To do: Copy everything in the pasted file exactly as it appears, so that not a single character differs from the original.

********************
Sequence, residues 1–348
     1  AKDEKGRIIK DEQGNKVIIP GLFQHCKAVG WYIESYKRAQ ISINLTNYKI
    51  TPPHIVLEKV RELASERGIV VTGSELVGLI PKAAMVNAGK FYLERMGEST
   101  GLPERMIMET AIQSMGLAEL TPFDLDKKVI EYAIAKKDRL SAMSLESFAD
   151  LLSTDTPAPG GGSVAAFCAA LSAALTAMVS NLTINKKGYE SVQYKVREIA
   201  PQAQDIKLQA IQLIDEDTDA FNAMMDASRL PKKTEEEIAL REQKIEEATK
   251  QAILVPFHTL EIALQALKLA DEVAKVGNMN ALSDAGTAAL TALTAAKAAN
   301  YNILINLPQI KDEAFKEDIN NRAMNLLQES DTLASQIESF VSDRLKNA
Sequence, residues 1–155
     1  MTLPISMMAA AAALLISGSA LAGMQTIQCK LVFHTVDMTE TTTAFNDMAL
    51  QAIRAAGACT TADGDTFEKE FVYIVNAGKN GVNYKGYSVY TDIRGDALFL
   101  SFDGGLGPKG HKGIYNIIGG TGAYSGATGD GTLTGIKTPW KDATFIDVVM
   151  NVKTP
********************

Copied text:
Sequence, residues 1–348
     1  AKDEKGRIIK DEQGNKVIIP GLFQHCKAVG WYIESYKRAQ ISINLTNYKI
    51  TPPHIVLEKV RELASERGIV VTGSELVGLI PKAAMVNAGK FYLERMGEST
   101  GLPERMIMET AIQSMGLAEL TPFDLDKKVI EYAIAKKDRL SAMSLESFAD
   151  LLSTDTPAPG GGSVAAFCAA LSAALTAMVS NLTINKKGYE SVQYKVREIA
   201  PQAQDIKLQA IQLIDEDTDA FNAMMDASRL PKKTEEEIAL REQKIEEATK
   251  QAILVPFHTL EIALQALKLA DEVAKVGNMN ALSDAGTAAL TALTAAKAAN
   301  YNILINLPQI KDEAFKEDIN NRAMNLLQES DTLASQIESF VSDRLKNA
Sequence, residues 1–155
     1  MTLPISMMAA AAALLISGSA LAGMQTIQCK LVFHTVDMTE TTTAFNDMAL
    51  QAIRAAGACT TADGDTFEKE FVYIVNAGKN GVNYKGYSVY TDIRGDALFL
   101  SFDGGLGPKG HKGIYNIIGG TGAYSGATGD GTLTGIKTPW KDATFIDVVM
   151  NVKTP